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Cost of Building a Metal Home in 2021: See Prices & Compare

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Are you considering building your own metal home?

If you are, then you’ll want to keep on reading.

There are multiple benefits to building a home, as opposed to buying a home. When you build your own home, you can select unique designs, newer appliances, and other personal touches that make the home sincerely yours.

Plus, newer homes have a longer lifetime in terms of insurance and repairs, which generates cost-savings down the line.

So what is the cost of building a metal home?

The National Association of Homebuilders (NAHB) estimated that the average cost of building a metal home added up to $359,228 including all construction, land & finishings. 

With that said, if you already own the land and opt for a smaller 40 x 60 square foot building the costs can be $5,000 – $30,000 for the shell only.

At this point, you’re probably wondering what specific expenses are involved and how this number is justified.

We’ve got you covered.

In this guide, you’ll find all you need to know about what goes into the final cost of building a home, and the steps you can take to stay within your budget.

So let’s get straight to it.

What’s in this guide?

What are the Costs of Building Metal Homes?

The National Association of Homebuilders (NAHB) estimated that the average cost of building your own home added up to $359,228.

But what makes up this cost?

As a homebuilder, you want to know what goes into each component that you are paying for.

Keep on reading to find out.

From the $359,228 you pay at the end, $237,760 is attributed to basic construction costs as listed below.

Basic component Cost Description
Site Work $15,903 Building permit fees, Impact fees, Design & Planning, Inspections
Foundations $25,671 Excavation, Concrete Foundations, Backfill, Wall Retaining
Framing $41,123 Framing, Trusses, Sheathing, Metal Beams
Exterior Finishes $33,066 Exterior Wall Finishing, Roofing, Windows, Doors
Major Systems $32,746 Plumbing, Electrical, HVAC
Interior Finishes $67,939 Insulation, Drywall, Interior Accessories, Lighting, Appliances, Flooring, Painting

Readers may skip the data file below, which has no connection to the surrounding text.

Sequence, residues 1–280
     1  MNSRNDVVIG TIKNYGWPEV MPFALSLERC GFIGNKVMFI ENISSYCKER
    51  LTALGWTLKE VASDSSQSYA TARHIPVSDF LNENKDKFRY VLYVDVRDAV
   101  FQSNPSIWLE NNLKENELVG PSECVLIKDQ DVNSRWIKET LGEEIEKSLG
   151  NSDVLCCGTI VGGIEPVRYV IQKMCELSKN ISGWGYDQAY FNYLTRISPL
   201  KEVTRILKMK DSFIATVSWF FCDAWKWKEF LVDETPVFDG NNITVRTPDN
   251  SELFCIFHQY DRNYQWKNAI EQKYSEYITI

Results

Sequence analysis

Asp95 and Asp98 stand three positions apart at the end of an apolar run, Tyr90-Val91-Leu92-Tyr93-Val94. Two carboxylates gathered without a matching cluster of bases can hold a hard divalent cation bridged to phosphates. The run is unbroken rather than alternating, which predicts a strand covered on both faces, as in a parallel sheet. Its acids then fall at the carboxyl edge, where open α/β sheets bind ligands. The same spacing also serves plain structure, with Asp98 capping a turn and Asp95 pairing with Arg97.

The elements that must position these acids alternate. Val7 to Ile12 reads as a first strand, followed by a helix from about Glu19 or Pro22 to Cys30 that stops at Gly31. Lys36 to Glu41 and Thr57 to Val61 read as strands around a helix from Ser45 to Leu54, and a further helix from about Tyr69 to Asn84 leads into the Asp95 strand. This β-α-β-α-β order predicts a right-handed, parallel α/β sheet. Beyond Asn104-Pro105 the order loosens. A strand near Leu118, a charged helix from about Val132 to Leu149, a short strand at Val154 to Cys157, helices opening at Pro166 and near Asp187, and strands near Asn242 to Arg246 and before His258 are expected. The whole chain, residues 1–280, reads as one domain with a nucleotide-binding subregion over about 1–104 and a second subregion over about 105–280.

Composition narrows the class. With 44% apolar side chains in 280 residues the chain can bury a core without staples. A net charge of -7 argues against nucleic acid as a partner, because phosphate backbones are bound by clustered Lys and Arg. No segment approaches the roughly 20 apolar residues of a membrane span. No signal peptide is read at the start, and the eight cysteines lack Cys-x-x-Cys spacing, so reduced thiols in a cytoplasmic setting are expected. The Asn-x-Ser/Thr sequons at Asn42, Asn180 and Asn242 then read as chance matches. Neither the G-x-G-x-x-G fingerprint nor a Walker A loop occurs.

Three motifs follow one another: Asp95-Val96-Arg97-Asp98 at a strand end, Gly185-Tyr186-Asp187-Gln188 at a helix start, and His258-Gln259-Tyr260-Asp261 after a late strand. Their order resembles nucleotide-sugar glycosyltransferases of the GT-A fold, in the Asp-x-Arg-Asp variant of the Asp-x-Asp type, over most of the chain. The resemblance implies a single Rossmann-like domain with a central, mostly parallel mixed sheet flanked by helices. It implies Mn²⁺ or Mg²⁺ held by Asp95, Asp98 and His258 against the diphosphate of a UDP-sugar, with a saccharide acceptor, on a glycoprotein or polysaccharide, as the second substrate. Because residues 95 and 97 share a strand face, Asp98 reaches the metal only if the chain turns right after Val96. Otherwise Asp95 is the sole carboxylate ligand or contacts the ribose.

Exterior Amenities $16,591 Landscaping, Clean-Up, Outdoor Structures, Driveways, Finishing Touches
Misc. $4,722 Other unforeseeable costs

In addition to this, you accumulate other associated costs until you reach (or surpass) the estimated $359,228. These other costs are as follows.

Component Cost Description
Lot Cost and Service Connections $91,996 Purchasing the lot or deconstruction of existing property, installing water, drainage, electricity, gas, and telephone connections
General Expenses $21,835 Other costs associated with working with an external contractor
Additional Financing $7,636 Cost of financing the construction

How Do Location and Size Affect the Cost of Metal Homes?

  • Cost of building homes in prime real estate locations are more expensive
  • Larger buildings are more costly but offer a lower price per square foot

Whether you are buying or building a home, location plays a significant part in determining the cost. This is based on the housing market in that area, as homes become increasingly expensive in cities with a lot of housing demand.

For example, it would cost much more to build or buy a home in Los Angeles than Oxnard, California.

In terms of size, it’s easy to see that larger homes cost more due to the higher level of components and the time required to complete.

However, suppliers generally offer a lower cost per square foot when you choose to build larger metal homes. The average cost ranges from $111-$127 per square foot, depending on the final size and location of your house.